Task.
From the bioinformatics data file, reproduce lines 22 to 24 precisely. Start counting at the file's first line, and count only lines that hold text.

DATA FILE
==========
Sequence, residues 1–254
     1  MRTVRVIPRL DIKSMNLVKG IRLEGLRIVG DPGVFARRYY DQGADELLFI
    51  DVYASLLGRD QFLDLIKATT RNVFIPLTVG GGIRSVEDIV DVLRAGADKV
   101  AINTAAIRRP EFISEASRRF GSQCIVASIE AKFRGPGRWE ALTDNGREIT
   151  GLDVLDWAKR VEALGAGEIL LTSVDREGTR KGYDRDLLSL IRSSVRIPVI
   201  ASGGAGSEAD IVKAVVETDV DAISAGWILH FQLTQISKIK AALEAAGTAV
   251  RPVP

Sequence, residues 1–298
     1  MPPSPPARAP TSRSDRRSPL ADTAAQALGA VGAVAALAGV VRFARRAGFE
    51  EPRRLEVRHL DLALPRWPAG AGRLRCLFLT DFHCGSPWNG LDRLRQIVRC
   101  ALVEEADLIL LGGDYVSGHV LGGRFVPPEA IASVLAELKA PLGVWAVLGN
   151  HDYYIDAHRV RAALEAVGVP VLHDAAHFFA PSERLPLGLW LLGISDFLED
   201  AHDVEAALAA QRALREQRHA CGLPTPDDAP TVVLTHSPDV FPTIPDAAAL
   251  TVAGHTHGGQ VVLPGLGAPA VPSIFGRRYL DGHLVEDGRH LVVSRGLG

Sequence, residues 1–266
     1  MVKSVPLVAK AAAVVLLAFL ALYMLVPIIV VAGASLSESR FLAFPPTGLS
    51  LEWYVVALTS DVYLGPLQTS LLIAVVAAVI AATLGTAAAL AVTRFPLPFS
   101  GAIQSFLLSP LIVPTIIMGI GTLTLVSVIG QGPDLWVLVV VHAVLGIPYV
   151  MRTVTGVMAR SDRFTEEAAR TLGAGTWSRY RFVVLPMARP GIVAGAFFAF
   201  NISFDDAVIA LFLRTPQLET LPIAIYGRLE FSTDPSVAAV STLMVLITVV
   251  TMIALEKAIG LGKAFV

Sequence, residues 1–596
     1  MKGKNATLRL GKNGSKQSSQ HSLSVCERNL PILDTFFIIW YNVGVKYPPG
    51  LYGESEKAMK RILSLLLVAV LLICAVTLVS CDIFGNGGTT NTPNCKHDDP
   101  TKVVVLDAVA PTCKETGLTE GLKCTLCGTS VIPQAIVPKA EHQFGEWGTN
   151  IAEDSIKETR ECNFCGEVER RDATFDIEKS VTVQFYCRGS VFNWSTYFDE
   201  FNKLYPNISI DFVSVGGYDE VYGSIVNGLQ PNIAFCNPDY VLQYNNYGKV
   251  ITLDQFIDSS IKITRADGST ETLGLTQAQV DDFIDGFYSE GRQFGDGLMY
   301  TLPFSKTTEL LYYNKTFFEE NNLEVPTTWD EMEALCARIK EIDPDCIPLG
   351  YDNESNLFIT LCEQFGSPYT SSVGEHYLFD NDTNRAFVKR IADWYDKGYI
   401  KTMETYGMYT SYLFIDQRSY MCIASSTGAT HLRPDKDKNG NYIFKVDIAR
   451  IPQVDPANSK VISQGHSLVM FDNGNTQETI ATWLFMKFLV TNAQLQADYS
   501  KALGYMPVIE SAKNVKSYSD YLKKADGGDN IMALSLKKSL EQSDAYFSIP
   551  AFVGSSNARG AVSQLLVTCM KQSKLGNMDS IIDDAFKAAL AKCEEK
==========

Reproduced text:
Sequence, residues 1–596
     1  MKGKNATLRL GKNGSKQSSQ HSLSVCERNL PILDTFFIIW YNVGVKYPPG
    51  LYGESEKAMK RILSLLLVAV LLICAVTLVS CDIFGNGGTT NTPNCKHDDP